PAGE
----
Picks and Pans Review: Stickin' to My Guns
Blues belter James has turned down the flame from the blowtorch intensity of her comeback album in 1988. While there are no R&B meltdowns on this 10-track follow-up, the 52-year-old James growls, cries and hollers her way through a ’60s soul-inspired lineup that includes Otis Redding’s aching “I’ve Got Dreams to Remember” and the David Porter-Isaac Hayes lament “Your Good Thing (Is About to End).”
Blessed with one of the best voices ever to make the switch from gospel to gutbucket, James got her start with the Johnny Otis band. In 1954, at the age of 14, the former Jamesetta Hawkins cut her first hit—a response song to Hank Ballard’s “Work with Me Annie” that was just as cheekily called “Roll with Me Henry.” Beginning in the early ’60s, James made a series of now classic R&B hits for Chess Records, among them the ballad “At Last.”
James’s career foundered through the ’70s and ’80s until the release in 1988 of Seven Year Itch, which placed her back (where she belongs) in the pantheon of powerhouse soul divas that includes Aretha Franklin, Ruth Brown and Mavis Staples.
Muscle Shoals veteran producer Barry Beckett, who also produced Seven Year Itch, can take credit for the album’s authentic Memphis soul sound. Stand out sidemen include ex-Meters guitarist Leo Nocentelli, who lays down some slick licks on “Get Funky.” Joining James on this uncharacteristic if catchy cut is rapper Def Jef.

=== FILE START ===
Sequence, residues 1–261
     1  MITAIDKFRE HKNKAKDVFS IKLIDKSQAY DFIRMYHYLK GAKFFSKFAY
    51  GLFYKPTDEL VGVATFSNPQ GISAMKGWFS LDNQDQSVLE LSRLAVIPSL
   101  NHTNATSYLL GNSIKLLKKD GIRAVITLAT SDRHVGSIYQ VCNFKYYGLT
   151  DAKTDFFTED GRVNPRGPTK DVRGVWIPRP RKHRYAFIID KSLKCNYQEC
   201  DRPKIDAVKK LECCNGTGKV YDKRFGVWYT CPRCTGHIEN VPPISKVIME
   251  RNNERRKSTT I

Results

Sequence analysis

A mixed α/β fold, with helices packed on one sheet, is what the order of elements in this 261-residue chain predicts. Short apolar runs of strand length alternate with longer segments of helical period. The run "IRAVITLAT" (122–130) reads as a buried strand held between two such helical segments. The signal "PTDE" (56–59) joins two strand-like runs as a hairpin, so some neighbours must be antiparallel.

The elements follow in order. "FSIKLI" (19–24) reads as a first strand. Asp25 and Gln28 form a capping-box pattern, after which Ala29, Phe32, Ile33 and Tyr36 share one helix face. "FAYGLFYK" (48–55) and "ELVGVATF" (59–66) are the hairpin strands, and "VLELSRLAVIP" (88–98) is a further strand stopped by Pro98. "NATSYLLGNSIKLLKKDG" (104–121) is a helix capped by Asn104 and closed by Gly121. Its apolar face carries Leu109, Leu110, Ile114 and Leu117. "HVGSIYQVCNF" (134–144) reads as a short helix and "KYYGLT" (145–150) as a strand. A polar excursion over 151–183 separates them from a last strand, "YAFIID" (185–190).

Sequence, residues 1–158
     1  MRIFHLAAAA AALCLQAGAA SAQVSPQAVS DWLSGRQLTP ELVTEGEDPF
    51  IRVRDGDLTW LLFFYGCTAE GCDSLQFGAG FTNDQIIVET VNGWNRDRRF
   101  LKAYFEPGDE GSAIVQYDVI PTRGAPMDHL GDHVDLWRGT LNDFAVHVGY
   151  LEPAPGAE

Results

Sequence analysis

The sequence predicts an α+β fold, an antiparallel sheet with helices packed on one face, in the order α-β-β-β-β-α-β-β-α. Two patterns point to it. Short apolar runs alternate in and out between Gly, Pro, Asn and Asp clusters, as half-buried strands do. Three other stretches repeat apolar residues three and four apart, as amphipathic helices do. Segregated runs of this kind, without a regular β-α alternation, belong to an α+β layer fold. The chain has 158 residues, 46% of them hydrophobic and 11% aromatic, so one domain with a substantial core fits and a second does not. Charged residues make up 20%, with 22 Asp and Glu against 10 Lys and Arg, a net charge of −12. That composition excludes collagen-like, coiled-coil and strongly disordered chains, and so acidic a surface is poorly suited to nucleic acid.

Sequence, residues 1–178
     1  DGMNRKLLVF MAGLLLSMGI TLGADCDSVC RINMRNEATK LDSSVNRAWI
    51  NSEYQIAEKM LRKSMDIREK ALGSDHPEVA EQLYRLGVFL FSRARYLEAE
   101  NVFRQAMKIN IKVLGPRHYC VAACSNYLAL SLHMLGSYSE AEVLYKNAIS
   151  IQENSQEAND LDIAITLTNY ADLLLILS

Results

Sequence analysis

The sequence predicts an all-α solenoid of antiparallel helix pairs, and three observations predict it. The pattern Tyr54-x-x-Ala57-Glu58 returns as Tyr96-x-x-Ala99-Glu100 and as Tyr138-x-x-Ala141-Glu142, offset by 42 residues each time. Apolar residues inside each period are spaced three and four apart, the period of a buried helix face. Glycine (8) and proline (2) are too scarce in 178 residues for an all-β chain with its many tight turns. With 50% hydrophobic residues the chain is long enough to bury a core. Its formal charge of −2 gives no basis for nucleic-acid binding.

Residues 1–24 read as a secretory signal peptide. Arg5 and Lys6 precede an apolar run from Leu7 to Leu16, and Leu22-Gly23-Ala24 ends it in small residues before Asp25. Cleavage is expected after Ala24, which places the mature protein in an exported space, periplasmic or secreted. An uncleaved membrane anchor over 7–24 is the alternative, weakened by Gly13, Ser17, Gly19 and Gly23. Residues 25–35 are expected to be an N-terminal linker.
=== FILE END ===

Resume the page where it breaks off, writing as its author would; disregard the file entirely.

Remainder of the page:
James herself helped in the substantial postproduction work on the tracks, some of which end up sounding overinstrumentalized. One tune that avoids that effect is Tony Joe White’s “Out of the Rain.” which James performs to earthy perfection backed only by a harmonica (Jimmie Wood), a quiet guitar and a church organ.
While Stickin’ to My Guns flirts with a kind of smoothness that can smother the raunchy power of today’s female singers. James’s true vocal grit keeps the promise made in this feisty album’s title. (Island)